HARLOW: Polo Sandoval, again for our viewers, this is happening live at Dulles Airport, this mother Brenda being reunited with her son, who she was separated with back in May 26th when she crossed over the border from Mexico undocumented. She says she was seeking asylum and now they will go through the judicial process of their asylum claims being heard, but they are at least together.
Polo Sandoval, thank you for being there. We'll be right back.
[10:41:35] HARLOW: Before the "Capital Gazette" shooting, the last time multiple journalists were killed while just doing their job in this country was in 2015, when a former colleague attacked two members of the WDBJ news crew during a live report in Virginia.
Adam Warren and Allison Parker died in that shooting. Adam was 27, Allison just 24. And Allison's father Andy joins me now.
Andy, we have spoken too often because of tragedies like this. When you learned of this news, and you learned journalists, again, murdered, what did you think?
ANDY PARKER, FATHER OF ALLISON PARKER: Poppy, you know, every one of these mass shootings is difficult. This one hit me harder, I think, than any.
PARKER: And the reason is that because they were journalists, because Allison was a journalist, and Allison was born in Annapolis, so it was a double whammy for me.
HARLOW: Remind everyone about your daughter, because they called her the A-team.
PARKER: She was the quintessential journalist. She wanted to do everything the right way, and the ethical way, and she always wanted to break the story and she was just, you know, I couldn't have asked to raise a better daughter than Allison. She lived a life that was fuller than most people lived in a lifetime and she died at 24.
HARLOW: Yes. Sadly you know the reality that these families and loved ones and parents and children are living through in a way that most of us don't. What do they need from all of us right now?
PARKER: Well, you know, they need some space right now, I think. Just to sort it out and to grieve. You know, we've heard the typical thoughts and prayers from the president and thoughts and prayers are great, but we need action. I think that the best way to honor these victims and honor Allison is for this country to take action doing sensible gun legislation because this kind of thing is tearing this country apart. It is not the Mueller investigation. Gun violence is tearing this country apart.
HARLOW: You know, it is believed that this was a shotgun and many would say, look, you know, the Second Amendment argument here, or gun legislation argument, may not have changed what this individual did. We don't know if he had the gun legally or not yet, we just don't know. But I want you to respond to what the mayor of Annapolis told me this morning.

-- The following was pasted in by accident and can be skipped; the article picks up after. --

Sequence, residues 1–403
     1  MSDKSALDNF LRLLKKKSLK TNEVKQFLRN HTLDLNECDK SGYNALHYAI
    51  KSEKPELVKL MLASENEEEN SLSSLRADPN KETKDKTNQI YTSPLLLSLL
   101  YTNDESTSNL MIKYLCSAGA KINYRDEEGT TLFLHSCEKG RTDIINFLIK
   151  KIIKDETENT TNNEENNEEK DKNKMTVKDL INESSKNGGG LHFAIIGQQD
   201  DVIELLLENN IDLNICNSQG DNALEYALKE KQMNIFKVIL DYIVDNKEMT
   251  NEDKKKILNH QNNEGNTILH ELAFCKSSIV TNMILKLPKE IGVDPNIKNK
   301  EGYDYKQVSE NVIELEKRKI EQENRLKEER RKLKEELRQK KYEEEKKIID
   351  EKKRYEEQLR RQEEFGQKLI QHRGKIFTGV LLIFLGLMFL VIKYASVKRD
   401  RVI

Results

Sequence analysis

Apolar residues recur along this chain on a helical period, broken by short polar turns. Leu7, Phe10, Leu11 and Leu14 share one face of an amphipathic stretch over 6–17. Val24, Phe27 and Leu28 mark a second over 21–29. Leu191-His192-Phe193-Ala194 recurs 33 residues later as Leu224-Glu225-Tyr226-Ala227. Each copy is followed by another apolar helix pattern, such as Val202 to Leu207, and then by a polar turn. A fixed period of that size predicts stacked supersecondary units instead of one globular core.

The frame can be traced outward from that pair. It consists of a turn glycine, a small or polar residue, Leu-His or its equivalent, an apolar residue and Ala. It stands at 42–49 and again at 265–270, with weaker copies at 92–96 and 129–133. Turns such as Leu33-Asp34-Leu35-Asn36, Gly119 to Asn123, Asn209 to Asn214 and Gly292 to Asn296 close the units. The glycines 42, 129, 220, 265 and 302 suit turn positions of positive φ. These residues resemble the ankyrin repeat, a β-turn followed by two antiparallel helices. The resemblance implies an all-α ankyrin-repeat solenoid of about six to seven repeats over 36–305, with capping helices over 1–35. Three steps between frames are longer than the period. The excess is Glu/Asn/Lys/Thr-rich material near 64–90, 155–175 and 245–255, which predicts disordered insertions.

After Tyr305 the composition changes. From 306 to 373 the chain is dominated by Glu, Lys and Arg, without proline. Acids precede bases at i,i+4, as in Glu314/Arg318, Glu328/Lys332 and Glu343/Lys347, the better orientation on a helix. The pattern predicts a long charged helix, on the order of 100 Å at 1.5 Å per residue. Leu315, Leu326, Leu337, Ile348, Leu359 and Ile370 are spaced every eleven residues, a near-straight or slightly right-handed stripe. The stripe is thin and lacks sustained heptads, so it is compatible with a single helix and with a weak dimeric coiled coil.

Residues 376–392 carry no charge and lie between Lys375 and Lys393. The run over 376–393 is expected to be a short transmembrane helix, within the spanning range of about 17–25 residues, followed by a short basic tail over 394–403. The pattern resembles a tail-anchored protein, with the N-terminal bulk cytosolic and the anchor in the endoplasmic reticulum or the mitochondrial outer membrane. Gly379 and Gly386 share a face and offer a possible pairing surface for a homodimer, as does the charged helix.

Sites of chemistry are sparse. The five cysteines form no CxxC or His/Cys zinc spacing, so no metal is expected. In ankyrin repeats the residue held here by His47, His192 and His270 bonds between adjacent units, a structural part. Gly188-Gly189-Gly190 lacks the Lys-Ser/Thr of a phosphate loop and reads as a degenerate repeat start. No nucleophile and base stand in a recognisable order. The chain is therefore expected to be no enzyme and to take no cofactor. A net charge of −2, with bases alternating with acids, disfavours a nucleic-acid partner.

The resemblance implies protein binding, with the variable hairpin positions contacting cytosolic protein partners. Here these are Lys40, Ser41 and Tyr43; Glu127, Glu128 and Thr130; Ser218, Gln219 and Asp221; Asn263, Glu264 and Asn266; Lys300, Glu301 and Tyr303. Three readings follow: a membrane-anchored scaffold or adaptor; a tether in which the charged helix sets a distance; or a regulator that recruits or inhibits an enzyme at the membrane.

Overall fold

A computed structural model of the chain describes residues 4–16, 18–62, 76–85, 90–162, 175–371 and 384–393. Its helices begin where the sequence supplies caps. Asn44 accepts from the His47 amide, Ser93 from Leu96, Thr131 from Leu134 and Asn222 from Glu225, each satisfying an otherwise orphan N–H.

(BEGIN VIDEO CLIP)
MAYOR GAVIN BUCKLEY (D), ANNAPOLIS, MARYLAND: We questioning why people are so tightly wound these days, why people are so angry and how could you be angry at just a local newspaper like this?
(END VIDEO CLIP)
HARLOW: I mean, he's talking about the division that is pervasive in this country right now. How do we bring people closer together, Andy?
PARKER: That's a good question. You know, I've been reading John Meacham's book "The Soul of America" and --
PARKER: And he suggests that we have to reach out to our better angels. And hopefully we haven't crossed a Rubicon here where it is too late. But, you know, there is that intransigence on the other side that there are people on the right that are rejoicing because these people are dead, because they're journalists.
[10:45:03] And somehow we have got to find a way to overcome that.
HARLOW: My gosh.
PARKER: That's just disgraceful.
HARLOW: I hope that's not the case. I certainly haven't seen anyone rejoicing over this, this morning, but this is an environment where the media has been called by the highest office the enemy of the American people.
Andy Parker --
PARKER: Sure, and that's what he does. He enables this kind of -- this kind of violence to take place.
HARLOW: Andy Parker, thank you for joining me this morning. We all remember Allison.
PARKER: Thank you, Poppy. Thank you so much.
HARLOW: Attorneys say that undocumented toddlers, 3-year-olds, are being ordered to appear in court for these deportation proceedings. A lawyer who represented a 3-year-old in immigration court will join me next.
(BEGIN VIDEO CLIP)
[10:50:16] SEN. DICK DURBIN (D), ILLINOIS: When it comes to reunification, there wasn't a word about it in the president's executive order. And as we listen to them today, it doesn't sound like they have any plan whatsoever.
(END VIDEO CLIP)
HARLOW: That is Democratic senator Dick Durbin slamming the Trump administration over what he says is no plan to reunite families with their children that were separated at the border.
Attorneys say they're seeing even more young toddlers in these deportation hearings in front of judges and immigration court. A lawyer who recently represented a 3-year-old in court joins me now, Lindsay Toczylowski.